Bucks County drew .geniuses to its hills

Pennsylvania: Writers, artists and at least one eccentric found hospitality in the bucolic lands north of Philadelphia.

Short Hop

May 13, 2001|By Robin Tunnicliff Reid | By Robin Tunnicliff Reid,Special to the Sun

Of the many brilliant minds who settled in Bucks County, Pa., playwright George S. Kaufman was the one who came under a cloud. The lanky, bespectacled co-author of "You Can't Take It With You" and "The Man Who Came to Dinner" was making headlines in 1936, but not because of his work.

Actress Mary Astor had documented her affair with Kaufman (among others) in her diary, and the lurid excerpts that wound up in the newspaper during her acrimonious divorce rivaled anything on stage or screen. To escape the embarrassment, Kaufman's wife, Beatrice, bought a fieldstone farmhouse near Doylestown, Pa., where the couple and their daughter could hide until the scandal blew over. It was close enough to George's Broadway contacts, yet far enough from nosy gossips.

Kaufman named his new retreat Cherchez La Farm, a French pun that could mean either "Dear Home: The Farm" or "I Can't Find the Farm." That same year, his fellow Algonquin Round Table member Dorothy Parker bought a dilapidated farm a few miles north in Pipersville.

Soon, Kaufman's collaborator Moss Hart also bought a place in Bucks County. Then in 1940, Oscar Hammerstein II and his wife got caught in a vicious downpour while house-hunting near Doylestown. After the storm subsided, the Hammersteins saw a rainbow above a house that happened to be for sale. Taking this as a good omen, they bought the hilltop farm, and a year later, Hammerstein's nine-year, no-hit drought ended when he won an Oscar for his lyrics to the song "The Last Time I Saw Paris."

While the Hammerstein story may be apocryphal, a drive through Bucks County is proof enough that it's a place that could well be at the end of a rainbow.

Rambling old homes -- including the one that once belonged to the Kaufmans -- have been turned into beautiful bed and breakfasts. Antiques shops with eclectic goods spilling onto sidewalks and front porches abound. Cozy restaurants overlook the shimmering Delaware River, which forms the Pennsylvania-New Jersey border. Running parallel to the river on the Pennsylvania side is the Delaware Canal, built in the 1800s as a cheap way to get coal from the northeastern part of the state to Philadelphia. Cyclists and hikers take in the waterfront view from the towpath that unwinds between the waterways.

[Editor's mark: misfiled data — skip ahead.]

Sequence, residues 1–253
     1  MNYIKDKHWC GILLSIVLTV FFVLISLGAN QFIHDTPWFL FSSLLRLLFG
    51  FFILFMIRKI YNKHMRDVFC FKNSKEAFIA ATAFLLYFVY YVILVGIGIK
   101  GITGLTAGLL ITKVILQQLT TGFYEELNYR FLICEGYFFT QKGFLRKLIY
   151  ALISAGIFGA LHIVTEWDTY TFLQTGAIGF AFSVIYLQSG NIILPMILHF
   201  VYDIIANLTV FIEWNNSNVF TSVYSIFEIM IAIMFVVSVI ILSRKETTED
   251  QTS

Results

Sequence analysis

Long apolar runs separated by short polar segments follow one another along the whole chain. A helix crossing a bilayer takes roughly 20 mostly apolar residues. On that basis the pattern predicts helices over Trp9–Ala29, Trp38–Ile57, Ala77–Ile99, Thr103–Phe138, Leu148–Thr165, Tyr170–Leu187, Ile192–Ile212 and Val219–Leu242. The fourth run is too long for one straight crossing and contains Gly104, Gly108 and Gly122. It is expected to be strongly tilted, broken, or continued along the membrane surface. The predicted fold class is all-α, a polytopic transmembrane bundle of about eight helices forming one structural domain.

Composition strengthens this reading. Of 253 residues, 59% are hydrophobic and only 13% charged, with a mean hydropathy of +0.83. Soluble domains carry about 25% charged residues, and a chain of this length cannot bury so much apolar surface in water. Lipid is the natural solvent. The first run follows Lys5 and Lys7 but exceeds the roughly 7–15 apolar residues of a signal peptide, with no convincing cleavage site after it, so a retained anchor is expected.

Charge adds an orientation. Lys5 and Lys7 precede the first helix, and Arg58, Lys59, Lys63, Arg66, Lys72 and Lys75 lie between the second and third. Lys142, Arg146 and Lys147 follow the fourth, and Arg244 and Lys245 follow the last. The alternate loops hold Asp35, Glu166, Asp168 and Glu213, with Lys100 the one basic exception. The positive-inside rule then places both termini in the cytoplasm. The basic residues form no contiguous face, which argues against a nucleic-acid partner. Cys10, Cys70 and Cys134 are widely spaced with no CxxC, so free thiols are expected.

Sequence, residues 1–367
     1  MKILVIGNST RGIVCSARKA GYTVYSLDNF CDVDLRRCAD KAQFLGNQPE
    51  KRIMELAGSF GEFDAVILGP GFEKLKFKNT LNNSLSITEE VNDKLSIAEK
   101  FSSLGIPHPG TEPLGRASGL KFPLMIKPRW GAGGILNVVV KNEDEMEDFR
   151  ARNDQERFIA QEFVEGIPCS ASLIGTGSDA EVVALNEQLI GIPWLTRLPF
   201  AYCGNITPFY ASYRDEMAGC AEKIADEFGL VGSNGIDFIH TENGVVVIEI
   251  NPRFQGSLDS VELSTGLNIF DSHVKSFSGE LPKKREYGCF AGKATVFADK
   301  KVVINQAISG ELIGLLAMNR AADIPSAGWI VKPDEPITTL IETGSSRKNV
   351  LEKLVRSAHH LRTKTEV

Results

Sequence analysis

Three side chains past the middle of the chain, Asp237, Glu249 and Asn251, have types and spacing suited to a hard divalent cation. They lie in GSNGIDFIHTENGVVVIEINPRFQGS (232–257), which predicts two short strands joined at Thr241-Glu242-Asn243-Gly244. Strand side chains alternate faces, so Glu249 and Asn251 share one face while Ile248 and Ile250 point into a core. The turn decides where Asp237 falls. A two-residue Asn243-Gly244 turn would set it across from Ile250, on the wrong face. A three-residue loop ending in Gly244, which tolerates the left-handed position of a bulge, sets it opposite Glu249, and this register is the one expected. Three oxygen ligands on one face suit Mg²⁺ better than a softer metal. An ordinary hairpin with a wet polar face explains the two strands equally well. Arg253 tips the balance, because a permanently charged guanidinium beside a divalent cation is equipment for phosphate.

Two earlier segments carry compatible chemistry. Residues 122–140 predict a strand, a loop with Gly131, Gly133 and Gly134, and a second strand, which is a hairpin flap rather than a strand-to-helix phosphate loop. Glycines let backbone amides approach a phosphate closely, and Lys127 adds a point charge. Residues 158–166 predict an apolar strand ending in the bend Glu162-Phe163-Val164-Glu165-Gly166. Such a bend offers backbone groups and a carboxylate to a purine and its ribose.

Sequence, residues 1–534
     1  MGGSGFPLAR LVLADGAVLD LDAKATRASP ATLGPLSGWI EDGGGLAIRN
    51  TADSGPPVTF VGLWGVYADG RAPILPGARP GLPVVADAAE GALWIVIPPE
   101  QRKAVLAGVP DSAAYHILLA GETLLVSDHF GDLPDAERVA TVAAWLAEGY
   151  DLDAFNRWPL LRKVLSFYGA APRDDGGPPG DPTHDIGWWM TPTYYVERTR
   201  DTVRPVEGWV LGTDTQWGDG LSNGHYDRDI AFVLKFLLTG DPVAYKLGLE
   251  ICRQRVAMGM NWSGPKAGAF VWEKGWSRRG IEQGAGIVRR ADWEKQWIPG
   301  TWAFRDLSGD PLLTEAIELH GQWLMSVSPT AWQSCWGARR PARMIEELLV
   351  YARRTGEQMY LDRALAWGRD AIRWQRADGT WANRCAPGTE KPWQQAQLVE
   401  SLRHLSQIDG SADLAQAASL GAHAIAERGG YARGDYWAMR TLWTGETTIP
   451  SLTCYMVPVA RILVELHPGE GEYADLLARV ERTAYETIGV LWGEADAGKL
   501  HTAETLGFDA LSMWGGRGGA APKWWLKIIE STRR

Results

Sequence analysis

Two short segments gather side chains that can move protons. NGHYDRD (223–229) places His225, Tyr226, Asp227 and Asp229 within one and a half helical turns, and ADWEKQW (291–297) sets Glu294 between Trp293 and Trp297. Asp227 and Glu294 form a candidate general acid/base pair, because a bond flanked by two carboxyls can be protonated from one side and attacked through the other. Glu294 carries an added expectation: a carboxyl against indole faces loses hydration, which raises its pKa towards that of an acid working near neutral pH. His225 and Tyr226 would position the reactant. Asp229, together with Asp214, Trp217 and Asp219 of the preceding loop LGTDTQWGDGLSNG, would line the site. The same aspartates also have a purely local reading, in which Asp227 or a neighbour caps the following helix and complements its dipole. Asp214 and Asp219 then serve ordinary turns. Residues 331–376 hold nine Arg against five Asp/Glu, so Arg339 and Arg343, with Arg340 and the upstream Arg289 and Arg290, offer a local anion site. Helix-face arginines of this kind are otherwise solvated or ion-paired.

Pleasant Doylestown

The most famous attraction hereabouts is the town of New Hope, an artist colony on the river. I bypassed it in favor of the less famous (and less crowded) Doylestown, the county seat. It's a pleasant little city of tree-lined streets, quaint shops, restaurants and a manageable museum with informative thumbnail sketch exhibits about the artistic luminaries who lived in the county.

Doylestown also is home to two other museums, both flamboyant castles designed and constructed by yet another Bucks County genius, Henry Chapman Mercer.

Besides wanting to avoid New Hope's tourists, I chose Doylestown because I wanted to see those castles and because I wanted to stay at the Kaufman home, a B&B now called Barley Sheaf Farm. It was a good combination; Mercer's overwhelming museums are better appreciated over two days, and Barley Sheaf is the ideal spot to spend the night in between.

Located at the end of a long avenue of sycamore trees, Barley Sheaf has been a B&B for more than two decades. Guests can stay in the main house, a renovated silvery-gray barn or a snug cottage.

On the way to my lodgings in the original house, owner Peter Suess, who has operated the B&B since 1996, stopped on the second floor to show me George Kaufman's bedroom with a narrow balcony overlooking the pool. Like the rest of the place, the decor in the room is a great example of working with a rustic old farmhouse instead of trying to re-create Tara fabulous mansion. The result is the sort of B&B where, as one employee says, guests often spend the weekend without leaving the property.

I could have been one of them, I thought, as I stretched out on a sleigh bed in my room with a cup of hot tea and an entertaining biography of Kaufman that Suess had lent me. The only sounds coming through the open windows were the honking of the Canada geese that strut around the grounds and the crunching of tires along the gravel drive.

Eccentric's castles

The mood at Henry Chapman Mercer's home, Fonthill, is decidedly different. While Barley Sheaf encourages you to slow down, the gray cement castle's honeycomb of dark, narrow halls that snake in and out of 44 rooms urge you to push forward.

The many things that piqued Mercer's intellectual curiosity are reflected throughout. He dabbled in architecture, so he designed the castle himself with clay models and rough sketches. To build it, this believer in the beauty of manmade things hired a crew of locals who used traditional tools and a horse named Lucy (who's commemorated in a weathervane atop one of the towers). The paw prints of Mercer's dog Rollo embedded in the stairway also testify to his love of animals.

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